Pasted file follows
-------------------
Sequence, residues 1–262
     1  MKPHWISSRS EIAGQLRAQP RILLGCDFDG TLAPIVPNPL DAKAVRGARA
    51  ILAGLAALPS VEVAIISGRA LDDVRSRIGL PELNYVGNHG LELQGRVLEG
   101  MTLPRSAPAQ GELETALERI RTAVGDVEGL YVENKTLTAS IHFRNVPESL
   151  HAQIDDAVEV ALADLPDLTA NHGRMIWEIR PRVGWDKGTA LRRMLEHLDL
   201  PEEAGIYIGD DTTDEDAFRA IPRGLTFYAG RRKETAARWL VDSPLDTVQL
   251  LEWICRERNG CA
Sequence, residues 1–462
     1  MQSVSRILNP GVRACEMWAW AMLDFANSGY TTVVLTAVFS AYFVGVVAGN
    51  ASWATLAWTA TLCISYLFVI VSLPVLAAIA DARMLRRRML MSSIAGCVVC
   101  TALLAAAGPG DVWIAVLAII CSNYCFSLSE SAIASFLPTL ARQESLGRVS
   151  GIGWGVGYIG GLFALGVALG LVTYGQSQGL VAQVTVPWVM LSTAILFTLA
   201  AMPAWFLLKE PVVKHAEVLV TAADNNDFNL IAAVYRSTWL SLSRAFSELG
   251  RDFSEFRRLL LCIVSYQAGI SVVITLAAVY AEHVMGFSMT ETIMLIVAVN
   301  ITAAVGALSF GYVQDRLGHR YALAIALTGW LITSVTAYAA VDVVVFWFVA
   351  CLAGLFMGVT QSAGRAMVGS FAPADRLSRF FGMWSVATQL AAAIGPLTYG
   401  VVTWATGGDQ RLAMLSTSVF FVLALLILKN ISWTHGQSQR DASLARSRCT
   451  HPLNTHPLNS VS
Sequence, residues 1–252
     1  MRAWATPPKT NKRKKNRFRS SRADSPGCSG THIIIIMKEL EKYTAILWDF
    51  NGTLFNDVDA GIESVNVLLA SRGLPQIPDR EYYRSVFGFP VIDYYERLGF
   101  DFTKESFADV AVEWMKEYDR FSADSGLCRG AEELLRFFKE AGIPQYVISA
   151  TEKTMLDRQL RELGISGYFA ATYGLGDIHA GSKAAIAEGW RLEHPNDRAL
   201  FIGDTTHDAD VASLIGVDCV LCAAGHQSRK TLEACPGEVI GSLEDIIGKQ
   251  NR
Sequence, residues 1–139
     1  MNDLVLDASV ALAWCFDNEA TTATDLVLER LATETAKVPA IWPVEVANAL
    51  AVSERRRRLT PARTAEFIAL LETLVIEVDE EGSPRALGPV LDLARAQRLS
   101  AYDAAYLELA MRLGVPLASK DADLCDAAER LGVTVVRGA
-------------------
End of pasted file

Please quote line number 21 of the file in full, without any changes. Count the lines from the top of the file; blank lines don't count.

    51  NGTLFNDVDA GIESVNVLLA SRGLPQIPDR EYYRSVFGFP VIDYYERLGF